Do Watts Have Anything to do with Lightbulbs?

Short answer: No, at least not in a family law setting.

In a proceeding for the dissolution of marriage or legal separation, there is an opportunity for reimbursement to the community when one of the parties has the sole and exclusive use of an asset while the matter is pending and until a division of the asset is finalized. The reimbursement would be for the reasonable value of the usage. The asset is typically a residence, but can also be a car or other asset. This reimbursement is often referred to as a “right of reimbursement,” but that is a misnomer because the reimbursement is discretionary to the Court. The reimbursement issue derives its name from an appellate decision set forth in re Marriage of Watts, (1985) 171 Cal. App. 3d 366.

The Court has the discretion to consider the totality of the circumstances when determining whether it will or will not order a party to reimburse for Watts charges (aka usage charges). For instance, a typical scenario may involve a husband that voluntarily vacates the family home in order to move in with his girlfriend, leaving his wife and kids to stay in the family home until the divorce is final. His reasons for allowing wife and kids to remain in the home may be noble, i.e., not wanting to disrupt the children any further as they transition through the divorce. Let’s say the house is a million dollar house, which would easily rent for $6,000 a month. There is no mortgage on the house. However, after twelve months of bitter litigation with wife, husband may decide he wants to seek retribution by claiming Watts charges on the house for $6,000 per month (rental value) for 12 months (duration of exclusive use), for a total reimbursement claim of $72,000!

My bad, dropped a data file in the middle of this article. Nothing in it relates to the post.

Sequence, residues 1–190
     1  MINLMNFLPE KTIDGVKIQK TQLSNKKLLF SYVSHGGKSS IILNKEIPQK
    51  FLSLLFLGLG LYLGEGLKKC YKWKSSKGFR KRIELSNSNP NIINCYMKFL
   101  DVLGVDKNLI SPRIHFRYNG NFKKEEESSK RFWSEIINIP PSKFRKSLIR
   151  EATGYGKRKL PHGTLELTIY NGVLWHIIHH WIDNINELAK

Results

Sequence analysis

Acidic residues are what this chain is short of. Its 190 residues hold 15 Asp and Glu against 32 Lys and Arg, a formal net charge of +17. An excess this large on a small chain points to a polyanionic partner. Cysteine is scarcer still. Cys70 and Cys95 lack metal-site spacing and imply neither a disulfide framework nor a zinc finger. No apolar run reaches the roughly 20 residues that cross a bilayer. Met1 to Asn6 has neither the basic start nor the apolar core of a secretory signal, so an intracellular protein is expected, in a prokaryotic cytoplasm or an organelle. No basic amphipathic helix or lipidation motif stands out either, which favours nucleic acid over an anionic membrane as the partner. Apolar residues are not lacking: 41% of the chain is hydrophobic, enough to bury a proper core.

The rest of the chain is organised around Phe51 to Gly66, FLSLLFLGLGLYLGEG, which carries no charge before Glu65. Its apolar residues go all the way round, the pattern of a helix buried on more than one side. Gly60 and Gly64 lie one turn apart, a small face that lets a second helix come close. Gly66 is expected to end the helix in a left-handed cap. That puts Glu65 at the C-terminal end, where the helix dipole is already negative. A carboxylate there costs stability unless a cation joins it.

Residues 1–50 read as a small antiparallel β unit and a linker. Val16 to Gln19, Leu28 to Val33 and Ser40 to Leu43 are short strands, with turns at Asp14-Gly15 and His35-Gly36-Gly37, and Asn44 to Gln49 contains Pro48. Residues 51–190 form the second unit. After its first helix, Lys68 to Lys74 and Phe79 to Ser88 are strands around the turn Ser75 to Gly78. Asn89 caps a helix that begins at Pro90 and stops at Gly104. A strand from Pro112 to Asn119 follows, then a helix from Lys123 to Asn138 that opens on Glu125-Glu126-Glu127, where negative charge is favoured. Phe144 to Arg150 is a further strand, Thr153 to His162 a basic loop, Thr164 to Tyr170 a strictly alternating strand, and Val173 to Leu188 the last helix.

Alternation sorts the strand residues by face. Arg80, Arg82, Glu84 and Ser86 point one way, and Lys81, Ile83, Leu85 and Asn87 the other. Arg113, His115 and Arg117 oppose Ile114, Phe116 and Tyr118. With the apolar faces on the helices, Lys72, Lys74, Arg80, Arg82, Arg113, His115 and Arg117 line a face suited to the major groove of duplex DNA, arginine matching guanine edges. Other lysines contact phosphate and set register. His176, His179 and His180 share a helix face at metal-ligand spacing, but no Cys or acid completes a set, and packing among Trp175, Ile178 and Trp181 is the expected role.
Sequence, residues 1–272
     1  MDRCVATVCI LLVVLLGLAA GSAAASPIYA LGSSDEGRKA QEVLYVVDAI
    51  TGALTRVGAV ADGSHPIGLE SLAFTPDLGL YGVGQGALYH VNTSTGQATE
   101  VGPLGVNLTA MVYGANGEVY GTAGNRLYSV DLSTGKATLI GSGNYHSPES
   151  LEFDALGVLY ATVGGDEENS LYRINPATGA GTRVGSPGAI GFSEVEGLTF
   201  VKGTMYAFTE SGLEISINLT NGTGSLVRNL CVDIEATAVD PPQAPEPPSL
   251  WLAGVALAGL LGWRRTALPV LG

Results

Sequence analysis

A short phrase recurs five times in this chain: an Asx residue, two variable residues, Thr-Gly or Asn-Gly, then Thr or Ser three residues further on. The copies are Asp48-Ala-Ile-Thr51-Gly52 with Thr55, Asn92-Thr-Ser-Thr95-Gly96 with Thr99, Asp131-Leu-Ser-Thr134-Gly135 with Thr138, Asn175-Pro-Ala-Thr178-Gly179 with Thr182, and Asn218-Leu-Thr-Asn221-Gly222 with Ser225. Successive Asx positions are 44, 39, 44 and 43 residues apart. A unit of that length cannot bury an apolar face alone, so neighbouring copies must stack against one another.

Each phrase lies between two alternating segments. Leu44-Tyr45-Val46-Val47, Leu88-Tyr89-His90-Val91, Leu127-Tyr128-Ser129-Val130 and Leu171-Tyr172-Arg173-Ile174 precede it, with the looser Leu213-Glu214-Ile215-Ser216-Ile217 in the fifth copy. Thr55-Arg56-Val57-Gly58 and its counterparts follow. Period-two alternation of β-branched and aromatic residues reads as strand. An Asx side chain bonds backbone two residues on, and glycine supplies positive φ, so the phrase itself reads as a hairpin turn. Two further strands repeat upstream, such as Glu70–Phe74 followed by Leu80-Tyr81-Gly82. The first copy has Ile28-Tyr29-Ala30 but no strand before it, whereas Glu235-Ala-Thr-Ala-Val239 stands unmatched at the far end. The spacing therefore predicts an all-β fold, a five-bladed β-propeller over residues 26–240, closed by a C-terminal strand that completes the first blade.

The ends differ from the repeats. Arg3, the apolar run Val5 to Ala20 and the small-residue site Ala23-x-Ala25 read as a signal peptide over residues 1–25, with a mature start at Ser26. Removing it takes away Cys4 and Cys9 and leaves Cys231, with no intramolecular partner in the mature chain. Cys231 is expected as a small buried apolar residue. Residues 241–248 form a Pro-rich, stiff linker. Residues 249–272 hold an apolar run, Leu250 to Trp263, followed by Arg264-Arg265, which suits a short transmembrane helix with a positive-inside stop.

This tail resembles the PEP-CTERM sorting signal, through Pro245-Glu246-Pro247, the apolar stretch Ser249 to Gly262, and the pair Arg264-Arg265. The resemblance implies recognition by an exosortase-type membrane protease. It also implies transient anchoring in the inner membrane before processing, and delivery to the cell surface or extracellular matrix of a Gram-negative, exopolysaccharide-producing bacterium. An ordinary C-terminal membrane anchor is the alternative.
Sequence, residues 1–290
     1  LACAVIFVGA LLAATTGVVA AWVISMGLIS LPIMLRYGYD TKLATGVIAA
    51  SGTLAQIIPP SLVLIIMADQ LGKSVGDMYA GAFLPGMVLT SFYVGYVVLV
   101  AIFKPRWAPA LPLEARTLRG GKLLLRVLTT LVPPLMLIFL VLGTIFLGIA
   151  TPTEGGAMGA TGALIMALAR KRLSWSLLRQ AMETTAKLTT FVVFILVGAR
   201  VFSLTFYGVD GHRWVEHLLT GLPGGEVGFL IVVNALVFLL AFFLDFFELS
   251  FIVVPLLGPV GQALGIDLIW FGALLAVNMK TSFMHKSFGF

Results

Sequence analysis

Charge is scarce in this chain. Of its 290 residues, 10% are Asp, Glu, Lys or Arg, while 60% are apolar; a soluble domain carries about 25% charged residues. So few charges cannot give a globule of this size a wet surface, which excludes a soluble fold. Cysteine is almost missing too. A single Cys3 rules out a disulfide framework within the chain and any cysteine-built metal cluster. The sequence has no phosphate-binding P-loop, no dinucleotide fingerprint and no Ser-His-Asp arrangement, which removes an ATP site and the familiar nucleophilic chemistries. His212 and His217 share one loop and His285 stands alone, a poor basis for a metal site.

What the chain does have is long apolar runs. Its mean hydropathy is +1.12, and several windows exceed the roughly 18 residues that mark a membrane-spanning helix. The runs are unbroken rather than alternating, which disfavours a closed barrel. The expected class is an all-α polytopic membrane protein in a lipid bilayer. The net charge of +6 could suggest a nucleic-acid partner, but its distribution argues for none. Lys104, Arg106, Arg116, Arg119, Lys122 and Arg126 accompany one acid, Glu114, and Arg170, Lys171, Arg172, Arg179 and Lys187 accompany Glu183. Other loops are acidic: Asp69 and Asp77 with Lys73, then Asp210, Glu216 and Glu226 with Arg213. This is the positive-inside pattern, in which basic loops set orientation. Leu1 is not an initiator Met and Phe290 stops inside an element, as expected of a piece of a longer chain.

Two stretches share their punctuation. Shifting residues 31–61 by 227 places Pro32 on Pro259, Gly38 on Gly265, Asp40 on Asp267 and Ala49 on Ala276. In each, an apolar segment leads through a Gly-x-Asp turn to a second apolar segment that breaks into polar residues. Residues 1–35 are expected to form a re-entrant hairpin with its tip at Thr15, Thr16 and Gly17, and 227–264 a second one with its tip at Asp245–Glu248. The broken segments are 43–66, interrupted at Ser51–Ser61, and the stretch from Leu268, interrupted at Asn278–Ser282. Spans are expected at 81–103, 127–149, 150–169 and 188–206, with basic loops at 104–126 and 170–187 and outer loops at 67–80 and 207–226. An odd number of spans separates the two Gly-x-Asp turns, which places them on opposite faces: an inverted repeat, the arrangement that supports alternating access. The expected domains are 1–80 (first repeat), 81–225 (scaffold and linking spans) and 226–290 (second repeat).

There are several factors that the Court would consider when deciding whether to award husband the Watts charges. Factors such as husband’s voluntary vacating of home, the fact that there are children, the reasons for the living arrangements, the relative financial circumstances, the zero mortgage, the division of assets, the amount of support husband was paying, whether wife had advance notice of husband’s intention to seek Watts charges, and whether there was domestic violence, would all be considered by the court.